Elements of a Best-Seller

Today I want to discuss the elements of a bestseller. Obviously, not all bestsellers can be considered great literature, but what most of them have is a story that keeps you hooked and wanting to read more. The way they accomplish this is by keeping the story moving. We’ve talked in the past about keeping the reader in the action, and that’s exactly what you’ll notice when you’re reading a bestseller.

Let’s take, for example, the Twilight series. Whether you love them or hate them, you have to admit that Stephenie Meyer is pretty good at keeping the reader caught up in the story. She throws in little bits of suspense here and there to keep the reader hooked. And it works. Even though nothing too bad ever happens to any of the major characters, there is always the threat of something happening to them that looms over the story, keeping the plot moving. That’s what you want to do in your story.

Keep in mind, though, that your readers trust you, and it might not be the best idea to keep foreshadowing action without ever letting it occur. This can become frustrating for your readers after awhile. So plan some kind of action for your story, and write towards it. I once heard someone say that you should always be writing toward your climax. So it might be a good idea to figure out what your climax is going to be right away. It will give you a direction to work in, and not only will that give your story momentum, it will keep you writing.

Probably the most important component of a bestseller is believable characters. Not all best sellers are well written, but they do have a magical way of connecting in an intimate, personal level with the audience. This is accomplished through characters that the reader can relate to. The author Peter Rubie, once wrote that “the story is not about what happens, but the character to whom it happens.” You might have a good plot, but if the reader doesn’t care about the character it happens to, your have nothing.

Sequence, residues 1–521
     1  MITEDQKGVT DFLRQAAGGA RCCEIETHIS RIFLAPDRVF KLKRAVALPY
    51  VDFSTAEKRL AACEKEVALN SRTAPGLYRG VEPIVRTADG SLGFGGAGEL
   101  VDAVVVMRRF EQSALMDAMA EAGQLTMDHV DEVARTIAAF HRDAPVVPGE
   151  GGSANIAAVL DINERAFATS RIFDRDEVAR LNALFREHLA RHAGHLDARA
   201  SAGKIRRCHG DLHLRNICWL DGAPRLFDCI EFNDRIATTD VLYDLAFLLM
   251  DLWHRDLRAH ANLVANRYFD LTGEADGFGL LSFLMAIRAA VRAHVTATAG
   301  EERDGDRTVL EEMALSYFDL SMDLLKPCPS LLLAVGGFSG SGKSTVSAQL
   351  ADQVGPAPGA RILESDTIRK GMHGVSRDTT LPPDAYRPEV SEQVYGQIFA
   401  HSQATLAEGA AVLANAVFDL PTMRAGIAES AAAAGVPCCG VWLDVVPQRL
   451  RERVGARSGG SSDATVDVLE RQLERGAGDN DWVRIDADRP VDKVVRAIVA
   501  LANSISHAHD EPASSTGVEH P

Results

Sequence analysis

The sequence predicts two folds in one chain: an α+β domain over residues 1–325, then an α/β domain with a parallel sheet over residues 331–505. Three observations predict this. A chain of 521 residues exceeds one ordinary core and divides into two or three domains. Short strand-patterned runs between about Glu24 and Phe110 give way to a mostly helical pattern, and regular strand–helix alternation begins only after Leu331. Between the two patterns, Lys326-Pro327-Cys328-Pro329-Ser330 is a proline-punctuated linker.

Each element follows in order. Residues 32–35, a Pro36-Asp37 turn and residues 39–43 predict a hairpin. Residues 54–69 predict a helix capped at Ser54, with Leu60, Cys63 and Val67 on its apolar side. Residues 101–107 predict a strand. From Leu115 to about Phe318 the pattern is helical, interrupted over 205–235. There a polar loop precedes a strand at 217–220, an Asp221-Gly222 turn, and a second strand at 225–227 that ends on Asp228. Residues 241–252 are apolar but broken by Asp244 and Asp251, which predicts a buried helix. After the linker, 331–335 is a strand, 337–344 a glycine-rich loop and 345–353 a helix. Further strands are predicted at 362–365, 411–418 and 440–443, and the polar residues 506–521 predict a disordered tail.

Make your characters feel like real people. Give them thoughts and feelings and flaws. Make them people that your readers will like and understand. Use your story as a way for your audience to get to know your characters gradually. If you put everything you know about a character right in the beginning, a reader is going to wonder: “why should I care about this character, anyway?” Think about it this way – when you make a friend, you don’t find out everything about them right away. Little pieces of their lives unfold naturally over time as you get to know them. It works this way with characters, too.

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